New coffee shop and wine bar opens in Sawyer Village in Maple Valley

Rachelle Graves practices pouring shiraz into a glass while Kellyt Kneer looks on at Ristrettos, a new coffee shop and wine bar in Sawyer Village in Maple Valley.  - Kris Hill, The Reporter
Rachelle Graves practices pouring shiraz into a glass while Kellyt Kneer looks on at Ristrettos, a new coffee shop and wine bar in Sawyer Village in Maple Valley.
— image credit: Kris Hill, The Reporter

Once upon a time the vision for the stand alone business at Sawyer Village on Kent-Kangley Road and Southeast 216th Street was for a bank with a drive through.

On Oct. 10, though, Ristrettos will open as a coffee shop and wine bar in the plaza.

Jeff Potter, director of land development for Maple Valley-based Curtis Lang Custom Homes, which owns the property, explained that when the team was developing a concept for the shopping center it included a variety of uses ranging from doctor’s offices to small boutique shops.

It has all that now with the Valley Medical Center Clinic, for example, as well as a Subway, Get Hot! Yoga and Bike Masters and Boards.

All Sawyer Village needed was something to go in that standalone spot on the southeast end of the property.

“When we were looking for tenants (in 2008) we weren’t getting a great deal of interest in this site,” from banks, Potter said. “At the time, the city didn’t allow drive-throughs for anything but banks and drug stores. We decided whatever we wanted to have on this pad, we needed the zoning amended. Ultimately about a year later we were able to get the allowance to have a drive through for our coffee shop. That allowed us to go out and market this site.”

Potter noted that Lang has connections through his business where he deals with developers and home builders who also know the coffee and wine industries as well as the restaurant business. Through talking with those resources, Lang discovered putting a coffee shop and wine bar on the site was something he was interested in, Potter said.

“We knew that it was a good location because of the traffic counts,” Potter said. “We started laying out what we could put here. This pad was originally approved for a 3,500-square-foot building, say a bank and maybe a restaurant or coffee shop. We decided if we were going to do a coffee shop that it was cost effective for now not to build a whole (3,500-square-foot) building. Let’s make this a marquee building just for this one user and that’s how we ended up with an 1,800 square foot building, that includes the upstairs.”

As they discussed the concept with the architecture firm, the plans for the site evolved, Potter said.

They wanted to make it a unique building and to take advantage of the view of Mount Rainier.

“We ended up raising our roof line, it’s called a butterfly roof, so we could maximize the view of Rainier,” Potter said. “Curtis wanted to step it up. We wanted to make it a memorable experience, not just get in, get your coffee and get out.”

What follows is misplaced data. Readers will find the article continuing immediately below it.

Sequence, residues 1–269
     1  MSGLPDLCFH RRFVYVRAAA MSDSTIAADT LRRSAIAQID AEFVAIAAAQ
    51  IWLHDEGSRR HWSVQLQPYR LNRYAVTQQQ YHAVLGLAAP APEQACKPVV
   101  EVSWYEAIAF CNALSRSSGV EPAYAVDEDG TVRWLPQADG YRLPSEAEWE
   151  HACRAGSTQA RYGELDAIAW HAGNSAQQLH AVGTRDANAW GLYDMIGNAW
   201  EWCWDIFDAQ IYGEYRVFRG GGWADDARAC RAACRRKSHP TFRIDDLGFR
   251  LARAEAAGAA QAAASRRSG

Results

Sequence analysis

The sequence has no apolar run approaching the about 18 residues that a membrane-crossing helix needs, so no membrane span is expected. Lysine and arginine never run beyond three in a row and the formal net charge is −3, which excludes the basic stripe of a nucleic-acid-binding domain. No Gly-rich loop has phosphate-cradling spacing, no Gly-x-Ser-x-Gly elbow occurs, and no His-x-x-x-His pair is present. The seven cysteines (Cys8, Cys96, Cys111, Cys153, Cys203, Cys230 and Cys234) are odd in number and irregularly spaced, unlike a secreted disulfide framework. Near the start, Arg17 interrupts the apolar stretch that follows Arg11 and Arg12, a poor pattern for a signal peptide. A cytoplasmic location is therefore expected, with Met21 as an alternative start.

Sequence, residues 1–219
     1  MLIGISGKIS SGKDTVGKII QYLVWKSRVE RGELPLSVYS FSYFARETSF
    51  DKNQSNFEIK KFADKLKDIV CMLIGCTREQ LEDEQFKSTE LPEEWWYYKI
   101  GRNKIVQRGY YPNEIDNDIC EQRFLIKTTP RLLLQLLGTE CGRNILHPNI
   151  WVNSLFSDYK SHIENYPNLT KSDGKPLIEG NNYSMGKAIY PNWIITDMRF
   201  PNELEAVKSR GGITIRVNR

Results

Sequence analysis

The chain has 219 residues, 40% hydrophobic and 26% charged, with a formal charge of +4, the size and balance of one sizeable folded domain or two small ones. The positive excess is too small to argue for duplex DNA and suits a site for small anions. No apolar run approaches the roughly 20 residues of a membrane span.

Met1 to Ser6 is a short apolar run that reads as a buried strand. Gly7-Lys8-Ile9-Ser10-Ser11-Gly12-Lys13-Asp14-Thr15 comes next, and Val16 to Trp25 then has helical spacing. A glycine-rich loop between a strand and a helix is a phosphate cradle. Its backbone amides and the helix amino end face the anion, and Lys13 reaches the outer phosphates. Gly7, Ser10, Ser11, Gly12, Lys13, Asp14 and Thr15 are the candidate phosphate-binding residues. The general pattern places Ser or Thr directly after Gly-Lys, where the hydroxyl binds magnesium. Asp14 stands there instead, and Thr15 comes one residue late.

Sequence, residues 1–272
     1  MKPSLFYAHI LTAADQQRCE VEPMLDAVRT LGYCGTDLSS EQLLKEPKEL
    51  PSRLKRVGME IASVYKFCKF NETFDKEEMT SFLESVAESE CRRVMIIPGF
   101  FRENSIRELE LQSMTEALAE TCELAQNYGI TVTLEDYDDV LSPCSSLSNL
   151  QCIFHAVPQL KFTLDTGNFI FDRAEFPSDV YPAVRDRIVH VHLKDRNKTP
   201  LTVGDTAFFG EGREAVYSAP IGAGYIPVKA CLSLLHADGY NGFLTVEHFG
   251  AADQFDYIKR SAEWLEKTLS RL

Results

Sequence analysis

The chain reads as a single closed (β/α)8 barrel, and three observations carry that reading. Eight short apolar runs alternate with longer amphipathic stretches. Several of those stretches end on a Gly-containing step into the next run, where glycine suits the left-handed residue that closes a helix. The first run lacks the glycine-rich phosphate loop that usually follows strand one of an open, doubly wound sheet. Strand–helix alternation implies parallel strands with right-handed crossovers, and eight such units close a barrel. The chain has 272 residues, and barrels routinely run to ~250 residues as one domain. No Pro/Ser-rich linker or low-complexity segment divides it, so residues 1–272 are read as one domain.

As the plan continued to evolve and the concept expanded to include wine, Potter said, the idea of having a larger, more diverse food menu made sense.

To that end, there are going to be 25 employees at Ristrettos, in order to fully staff the hours it will be open.

Potter explained that in order to create a unique, welcoming and comfortable environment, there are a number of re-used and recycled materials such as wormwood from a pier in the Puget Sound region that was placed in the walls, posts on the patio came from Mount Rainier National Park, as well as old rough cedar pieces from old construction sites.

A metal worker from Enumclaw made a number of copper pieces to give the place a warm, lived-in feel.

“There’s been a lot of thought put into the details,” Potter said. “The intent of the atmosphere should be comfortable. It should be like you’re hanging out at home in a nice room in your house and socializing.”

Lang hired Jake Potter, the 25-year-old son of Potter, who has a business degree with an emphasis in finance from the University of Washington as well as experience in the wine and food service industries.

“The key for Jake’s hiring process is presentation, how they treat people, because service has to be the No. 1 consideration here,” Potter said of his son. “How you treat people is what gets people to talk about the business in a positive way.”

Potter coaches youth volleyball and the mothers of his players have told him they’re excited to have another venue to meet people and he thinks it’ll be a great place for that.

“We think there’s enough people out there interested, we think there’s enough demand to support healthy competition,” he said. “We’re really excited about it, to get this ball rolling and to provide another opportunity for people in this community to socially connect.”



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